Abdominal Circumference

Abdominal circumference was measured using a flexible tape to the nearest centimeter at the level of the umbilicus in supine position. [3]

Midarm Circumference

Midarm circumference is measured by a flexible tape at a point midway between the tip of the acromion process of the scapula and the olecranon process of the ulna with the flexion at the elbow joint. [4]

Placental Measurement and Cord Length

Although the number of subjects participated in the study was 108, we were able to measure the various parameters pertaining to the placenta in only 100 cases. The parameters, namely placental weight, placental diameters, and cord length, were measured immediately after the delivery.

Placenta was blotted several times with a mopping cloth, and then, the weight of the placenta was recorded by an electronic balance having a sensitivity of +/-5 gm. [5]

Two pins were fixed on the placenta at its greatest diameter and the distance between the pins was measured by a flexible tape. Cord length was measured using a flexible tape to the nearest centimeter. The parameters, namely birth weight, crown-to-heel length, head circumference, and chest circumference, were measured immediately after delivery.

Weight of the baby was recorded using an electronic balance which has sensitivity [+ or -]5 gm (Electromedical Pvt., Ltd.).

Head circumference of the baby was measured to the nearest centimeter using soft tape at the level of most prominent part of the occiput posteriorly and just above the supraorbital ridges anteriorly. [6]

Chest circumference of the baby was measured to the nearest centimeter by a soft tape at the level of nipples anteriorly and midway between inspiration and expiration in the supine position. [6]

2 ml of blood was collected and allowed to clot, the serum separated out by centrifugation for 30 min at 3000 rpm was used for evaluating total serum protein. Total serum protein was estimated using biuret method. [7]

Statistical Analysis

The data were analyzed using Statistical Package for the Social Sciences (SPSS) package. Analysis of variance and Student's "t" test of statistical analysis have been used. P value >0.05 was taken to be statistically significant.

RESULTS

Mothers belonging to low-income group gave birth to male babies with a mean birth weight (in kg) of 2.71 [+ or -] 0.13 or female babies with a mean birth weight of 2.35 [+ or -] 0.43. Mothers with lower middle-income group gave birth to male babies with a mean birth weight of 3.04 [+ or -] 0.27 or female babies with a mean birth weight of 2.62 [+ or -] 0.37. Mothers with upper middle-income group gave birth to male babies with a mean birth weight of 3.01 [+ or -] 0.22 or female babies with a mean birth weight of 2.98[+ or -]0.29 [Table 1]. There was a significant correlation between maternal socioeconomic status and birth weight of both male and female babies in Groups I and II (P < 0.05).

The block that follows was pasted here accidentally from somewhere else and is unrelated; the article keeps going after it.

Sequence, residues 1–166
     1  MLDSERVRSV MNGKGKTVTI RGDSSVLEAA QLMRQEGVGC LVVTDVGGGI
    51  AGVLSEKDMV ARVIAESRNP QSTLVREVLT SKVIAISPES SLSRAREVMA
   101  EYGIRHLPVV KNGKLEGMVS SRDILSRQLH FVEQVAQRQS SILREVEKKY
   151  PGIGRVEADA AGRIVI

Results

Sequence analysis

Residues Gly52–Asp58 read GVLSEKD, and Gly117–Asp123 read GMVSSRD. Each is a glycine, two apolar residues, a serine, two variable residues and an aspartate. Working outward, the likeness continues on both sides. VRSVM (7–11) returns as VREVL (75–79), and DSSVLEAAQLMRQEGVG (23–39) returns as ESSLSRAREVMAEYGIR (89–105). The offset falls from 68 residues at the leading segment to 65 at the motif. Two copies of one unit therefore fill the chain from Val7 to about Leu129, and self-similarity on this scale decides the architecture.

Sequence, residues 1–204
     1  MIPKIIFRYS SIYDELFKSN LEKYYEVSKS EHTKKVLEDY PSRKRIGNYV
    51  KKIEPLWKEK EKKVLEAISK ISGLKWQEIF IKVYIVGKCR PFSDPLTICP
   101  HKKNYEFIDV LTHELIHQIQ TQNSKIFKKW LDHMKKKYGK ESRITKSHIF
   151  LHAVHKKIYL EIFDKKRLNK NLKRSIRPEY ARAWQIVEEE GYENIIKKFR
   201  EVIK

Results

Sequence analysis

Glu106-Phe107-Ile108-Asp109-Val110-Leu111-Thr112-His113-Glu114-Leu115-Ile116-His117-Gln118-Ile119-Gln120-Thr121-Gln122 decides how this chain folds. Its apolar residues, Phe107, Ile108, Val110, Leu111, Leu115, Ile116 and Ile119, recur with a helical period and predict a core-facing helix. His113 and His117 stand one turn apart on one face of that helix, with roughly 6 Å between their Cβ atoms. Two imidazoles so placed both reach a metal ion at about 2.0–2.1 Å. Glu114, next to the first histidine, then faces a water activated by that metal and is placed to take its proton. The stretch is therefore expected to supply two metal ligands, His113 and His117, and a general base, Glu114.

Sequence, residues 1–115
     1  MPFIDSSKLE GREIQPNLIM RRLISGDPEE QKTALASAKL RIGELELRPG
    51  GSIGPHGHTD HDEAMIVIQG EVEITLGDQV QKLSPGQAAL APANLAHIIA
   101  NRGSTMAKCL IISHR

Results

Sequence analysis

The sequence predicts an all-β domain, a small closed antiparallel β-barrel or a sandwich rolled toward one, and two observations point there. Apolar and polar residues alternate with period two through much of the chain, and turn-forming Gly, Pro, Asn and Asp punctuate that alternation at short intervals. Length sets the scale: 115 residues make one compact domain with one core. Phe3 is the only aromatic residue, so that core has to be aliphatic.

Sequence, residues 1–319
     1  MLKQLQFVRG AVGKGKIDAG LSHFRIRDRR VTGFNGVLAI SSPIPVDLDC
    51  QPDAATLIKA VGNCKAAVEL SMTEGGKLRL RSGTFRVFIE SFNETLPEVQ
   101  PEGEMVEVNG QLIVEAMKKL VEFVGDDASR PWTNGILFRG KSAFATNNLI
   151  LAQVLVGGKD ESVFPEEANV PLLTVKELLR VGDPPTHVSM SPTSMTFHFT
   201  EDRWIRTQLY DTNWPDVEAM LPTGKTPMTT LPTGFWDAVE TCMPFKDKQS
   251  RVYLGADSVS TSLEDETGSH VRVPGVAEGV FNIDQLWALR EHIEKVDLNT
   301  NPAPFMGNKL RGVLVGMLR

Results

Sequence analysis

Women aged <20 years gave birth to male babies with a mean birth weight (in kg) of 3.05 [+ or -] 0.31 or female babies with a mean birth weight of 2.47 [+ or -] 0.46. Women in the range of 21-29 years gave birth to male babies with a mean birth weight of 2.99 [+ or -] 0.26 or female babies with a mean birth weight of 2.66 [+ or -] 0.37. Women aged >30 years gave birth to female babies with a mean birth weight of 2.28 [+ or -] 0.56. However, there were no male babies [Table 2]. There was a no significant correlation between maternal and birth weight of male or female babies in all the three groups (P > 0.05).

The mean placental diameter (in cm) for the male babies in Groups II and III was 16.9 [+ or -]0.69 and 18.2 [+ or -] 1.05, respectively. The mean placental diameter (in cm) for the female babies was 15.8 [+ or -] 1.01, 17.0[+ or -] 0.81, and 17.2 [+ or -] 0.76, respectively [Table 3]. There was a significant correlation between placental diameter with body mass index of the newborn in Groups II and III for male babies and Groups I and II for female babies (P < 0.05).

Mothers with uterine fundal height (in cm) of <34 gave birth to male babies with a mean birth weight (in kg) of 3.05 [+ or -] 0.26 or female babies with a mean birth weight (in kg) of 2.49 [+ or -] 0.31; mothers with uterine fundal height (in cm) of >34 gave birth to male babies with a mean birth weight of 2.91 [+ or -] 0.30 or female babies with a mean birth weight of 2.89 [+ or -] 0.51.